Gilbert Blythe is finally a doctor, and at long last he and Anne are ready to say their vows. Soon husband and wife will be bound for a new life together in their own house of dreams, on the shores of Four Winds Harbor, near Gilbert’s new medical practice in the village of Glen St. Mary. Of course, a new life brings fresh surprises and fresh problems to solve. Anne and Gilbert soon find themselves entangled in the lives of their neighbours, including the lighthouse attendant, Captain Jim, with his sad stories of the sea; Miss Cornelia Bryant, a formidable woman who always speaks her mind; Owen Ford, who longs to write the Great Canadian Novel; and the tragically beautiful Leslie Moore, to whom Anne grows closer when her own perfect life is touched by heartbreak.
Please note: this is the fifth in the Anne of Green Gables series to be discussed on this blog. If you missed the previous recaps, please click on the tags below to find previous articles. As this was first published in 1917, we’re going to presume that storylines will be discussed, and that spoilers are unintentional.
Welcome back to Anne, no longer of Avonlea but now of her own tiny home just outside the bustling town of Four Winds Harbour. Anne is a married woman now, and as such, this book is mainly about Anne and Gilbert, with a small cast of new characters to be introduced.
There are three in particular who become close to our Anne and Gilbert. Cornelia Bryant supplants Mrs. Lynde as the all-knowing wise voice of the village, while Leslie Moore helps to fill the void left behind by the girls of Patty’s Place and Diana back home. To my mind, however, the best new character we’ve met thus far is Captain Jim, the long-standing lighthouse keeper and keeper of the tale of his Lost Margaret. Captain Jim fills a hole that has been missing in Anne’s life since the passing of Matthew, and I loved how Montgomery portrayed him in this book. He is a keeper of stories as much as the lighthouse, and it only seemed fitting to have Owen Ford (most Canadian of author-y names!) appear to take down his narrative. Captain Jim isn’t perfect, but he’s still very much the beacon for the town, much like the lighthouse he tends. I still weep bitter tears at his passing every time I read it, and am only comforted by the knowledge that he lives on in little Jem and in his book.
There’s actually a lot of sorrow in this book, perhaps reflecting the losses that Montgomery herself had gone through around the time of this book. Having lost a child herself, the story of little Joyce is especially poignant, and you can feel the author’s own bruised emotions coming through the pages. The subject matter is less fanciful and much more adult as well; politics comes into play, and there’s even an election thrown in there. I loved the Marshall Elliott storyline, as it reminded me of a story my father told me of a man in Prince Edward County who had done a similar thing, much to the consternation of his wife!
I also loved that the sea-faring nature of PEI and Nova Scotia comes through in the book; if you lived any time in the Maritimes, you know how important the water was and remains to the livelihood and history of the people who live there. The Dick Moore storyline intertwines nicely with Captain Jim’s journeys, but also reminds us that families would lose people to the see for months, years and even forever. It was a very prevalent force in people’s lives, and it had the power to tear families apart.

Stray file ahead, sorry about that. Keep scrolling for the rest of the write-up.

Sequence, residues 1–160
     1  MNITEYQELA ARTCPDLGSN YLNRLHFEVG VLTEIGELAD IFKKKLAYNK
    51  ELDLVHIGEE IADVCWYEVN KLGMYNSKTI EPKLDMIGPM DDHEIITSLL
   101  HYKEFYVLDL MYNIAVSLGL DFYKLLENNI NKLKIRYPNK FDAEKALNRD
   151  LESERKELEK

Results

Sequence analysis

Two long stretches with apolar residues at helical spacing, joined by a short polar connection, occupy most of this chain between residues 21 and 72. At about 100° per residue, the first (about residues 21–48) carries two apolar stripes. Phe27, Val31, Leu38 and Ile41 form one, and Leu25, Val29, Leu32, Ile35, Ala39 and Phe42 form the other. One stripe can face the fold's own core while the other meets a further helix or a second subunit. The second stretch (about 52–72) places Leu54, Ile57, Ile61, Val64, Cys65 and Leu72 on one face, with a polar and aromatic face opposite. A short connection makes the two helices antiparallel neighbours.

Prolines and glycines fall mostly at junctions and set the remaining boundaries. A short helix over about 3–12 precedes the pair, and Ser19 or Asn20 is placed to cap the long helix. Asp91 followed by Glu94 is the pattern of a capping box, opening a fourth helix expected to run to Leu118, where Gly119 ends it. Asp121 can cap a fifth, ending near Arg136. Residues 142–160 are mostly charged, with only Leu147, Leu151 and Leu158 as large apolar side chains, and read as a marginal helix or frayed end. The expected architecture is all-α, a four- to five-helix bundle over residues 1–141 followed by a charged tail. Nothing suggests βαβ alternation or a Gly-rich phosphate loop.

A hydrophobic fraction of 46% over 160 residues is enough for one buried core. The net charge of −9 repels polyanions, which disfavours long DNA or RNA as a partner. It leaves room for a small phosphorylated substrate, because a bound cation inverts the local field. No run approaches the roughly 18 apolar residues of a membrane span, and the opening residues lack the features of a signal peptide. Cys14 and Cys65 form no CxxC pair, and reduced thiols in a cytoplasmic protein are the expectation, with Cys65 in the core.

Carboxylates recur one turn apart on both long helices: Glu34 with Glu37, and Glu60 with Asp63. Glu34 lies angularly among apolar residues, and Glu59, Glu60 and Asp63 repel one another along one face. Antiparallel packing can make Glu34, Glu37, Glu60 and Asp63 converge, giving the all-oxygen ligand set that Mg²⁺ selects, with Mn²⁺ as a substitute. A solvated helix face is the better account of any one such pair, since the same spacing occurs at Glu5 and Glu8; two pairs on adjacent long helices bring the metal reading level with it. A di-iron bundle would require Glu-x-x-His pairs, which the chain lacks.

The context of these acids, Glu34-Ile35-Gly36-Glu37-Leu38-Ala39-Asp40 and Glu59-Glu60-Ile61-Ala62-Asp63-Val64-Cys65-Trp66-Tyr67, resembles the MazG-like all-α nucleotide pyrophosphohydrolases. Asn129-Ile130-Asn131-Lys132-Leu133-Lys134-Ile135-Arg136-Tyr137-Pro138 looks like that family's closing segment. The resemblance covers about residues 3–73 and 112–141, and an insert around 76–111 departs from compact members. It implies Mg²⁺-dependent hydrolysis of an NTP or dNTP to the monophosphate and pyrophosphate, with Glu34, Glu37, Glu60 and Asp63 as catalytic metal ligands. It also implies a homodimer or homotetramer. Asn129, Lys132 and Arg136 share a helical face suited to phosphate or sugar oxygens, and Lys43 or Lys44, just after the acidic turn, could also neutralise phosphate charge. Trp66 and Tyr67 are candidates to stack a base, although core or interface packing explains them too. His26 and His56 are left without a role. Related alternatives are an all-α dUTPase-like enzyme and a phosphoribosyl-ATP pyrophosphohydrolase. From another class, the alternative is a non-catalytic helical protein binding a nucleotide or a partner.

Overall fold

Originally, I hadn’t noticed the comments that are evidently Montgomery’s views on the capability of women, and the roles they held in society at that time.This time around, I was very aware of the conversation Anne has with Gilbert that illustrates how Montgomery believed in the potential for everyone to make something of his or herself:
“Weren’t you listening to Captain Jim and yours truly the other night when we discussed that subject generally? We came to the comforting conclusion that the Creator probably knew how to run His universe quite as well as we do, and that, after all, there are no such things as “wasted” lives, saving and excepting when an individual wilfully squanders and wastes his own life – which Leslie Moore certainly hasn’t done. And some people might think that a Redmond B.A., whom editors were beginning to honour, was “wasted” as the wife of a struggling country doctor in the rural community of Four Winds.”
I think that it’s important to recognize that Anne chooses her life with Gilbert, and she continues to write. She could have had the same career as her friends – travelling like Katherine, moving far away like Jane – but the reality is that all Anne has ever wanted from the first chapter of the first book is a home and family of her own. I notice now how much admiration there is in the writing for those women who not only go off to explore there dreams, but also for those who stay at home to pursue them in a different manner.
For every sorrow there must be a joy, and the loss of Joyce is tempered by the arrival of baby Jem, the first son and the second in what will eventually become a whole brood of Blythes in the next book. The loss of Captain Jim is only tolerable because Leslie and Owen find their happily ever after, amidst much angst and tribulation. This book is more about real life to me, and about the realities of friendships and marriage.
“I am your friend and you are mine, for always,” she said. “Such a friend as I never had before. I have had many dear and beloved friends – but there is something in you, Leslie, that I never found in anyone else. You have more to offer me in that rich nature of yours, and I have more to give you than I had in my careless girlhood. We are both women – and friends forever.”
Did you read Anne’s House of Dreams last month ? Are you joining the readalong? Join Lindsey at Reeder Reads and the rest of us as we read (or re-read) the Anne series over the first eight months of the year.